Home Capital: Finance billionaire Smith bets Canada’s housing slump won’t last

Plunging Canadian housing sales and prices are prompting one of the country’s major financial-industry investors to plow $1.7 billion (US$1.3 billion) into a bet that it won’t be a protracted slump. 

Smith Financial Corp., the family holding company of First National Financial Corp. co-founder Stephen Smith, is offering $44 a share for Canadian mortgage lender Home Capital Group Inc. The bid came after a 40 per cent tumble in Home Capital’s shares as rising interest rates sent Canadian housing prices down 10 per cent from their peak, souring investors on mortgage lenders.

Smith’s offer is slightly below where Home Capital was trading a year ago. “We see headwinds in the macro environment right now,” he said in an interview. “So as a result, I think that presented an opportunity to purchase the company.”

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Smith, 71, is no stranger to the peaks and valleys of Canada’s real estate sector. He co-founded mortgage lender First National in 1988, two years before the market took a major downturn. He remains First National’s executive chairman, and his 37 per cent stake in the company is worth about $792 million at today’s prices. 

He has also built up a family holding company with a total of $5 billion in assets, including stakes in Fairstone Bank of Canada, Canada Guaranty Mortgage Insurance Co., EQB Inc., Glass Lewis & Co. and private-equity manager Peloton Capital Management.

Smith said he started buying Home Capital shares — with a view to a possible takeover — around January and February, when the stock had already begun sliding from its peak as global central banks signaled a turn toward tighter policy. 

Home Capital said in August that it had rejected a takeover bid from an unidentified suitor because the price was too low. Smith declined to comment on whether he was that bidder.

The shares got a temporary jolt from that disclosure but soon resumed their decline. The shares surged as much as 59 per cent on Monday and were trading at $42.37 as of 12:54 p.m. Toronto time. 

Smith is betting that the market’s turn against mortgage companies is overdone. The health of lenders is more closely correlated to unemployment levels, which determine consumers’ ability to continue paying for their homes, and those remain at historical lows, he said.

“As long as people are working, they pay their mortgage,” Smith said. “If you buy a house and it declines 10 per cent, are you going to stop paying your mortgage payments? No, you’re going to keep making your mortgage payments.”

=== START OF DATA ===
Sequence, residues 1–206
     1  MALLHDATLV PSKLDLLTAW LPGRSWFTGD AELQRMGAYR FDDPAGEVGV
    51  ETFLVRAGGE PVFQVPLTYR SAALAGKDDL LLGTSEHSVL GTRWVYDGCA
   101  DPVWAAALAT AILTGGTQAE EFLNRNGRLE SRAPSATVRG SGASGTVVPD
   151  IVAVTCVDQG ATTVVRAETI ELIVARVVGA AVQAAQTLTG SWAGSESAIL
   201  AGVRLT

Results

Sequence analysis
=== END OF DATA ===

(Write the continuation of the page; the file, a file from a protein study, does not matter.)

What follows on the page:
Longer-term, Canada’s supply of houses will remain constrained and its high immigration levels will boost demand, helping prices rebound from their current downturn, he said.


The deal would mark the end of decades in the public markets for Home Capital. The company nearly collapsed five years ago amid allegations of misleading shareholders on mortgage fraud and was bailed out by Warren Buffett’s Berkshire Hathaway Inc., which went on to sell its stake at a profit.   

Those troubles are “absolutely” behind Home Capital, Smith said, adding that his firm did “extensive” due diligence prior to the purchase.

The deal needs the blessing of two-thirds of Home Capital shareholders as well as regulatory approval, which the companies hope to get by the middle of next year. The agreement includes a go-shop period until Dec. 30 and break fees of $25 million and $50 million, depending on when the deal is broken.

The takeover is being financed with equity from Smith’s holding company as well as debt raised through Royal Bank of Canada, Smith said. He declined to specify the amounts of either portion of the financing. 

Home Capital Chief Executive Officer Yousry Bissada — who was brought in after the company’s earlier troubles — and the management team he has assembled were key factors in the decision to buy the company, Smith said. Home Capital will keep its current management and operate as a private, independent company, Smith said.

“Home Capital has a really dominant and a strong, very defensive position in the Canadian housing market,” Smith said. “They have good risk management, have good underwriting systems, and I believe in the Canadian consumer and the Canadian housing market.”


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